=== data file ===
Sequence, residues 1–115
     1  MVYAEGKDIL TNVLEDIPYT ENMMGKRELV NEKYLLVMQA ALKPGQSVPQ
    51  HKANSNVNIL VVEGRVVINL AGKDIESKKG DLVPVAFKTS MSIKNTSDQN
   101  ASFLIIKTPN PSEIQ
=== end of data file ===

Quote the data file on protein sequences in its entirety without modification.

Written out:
Sequence, residues 1–115
     1  MVYAEGKDIL TNVLEDIPYT ENMMGKRELV NEKYLLVMQA ALKPGQSVPQ
    51  HKANSNVNIL VVEGRVVINL AGKDIESKKG DLVPVAFKTS MSIKNTSDQN
   101  ASFLIIKTPN PSEIQ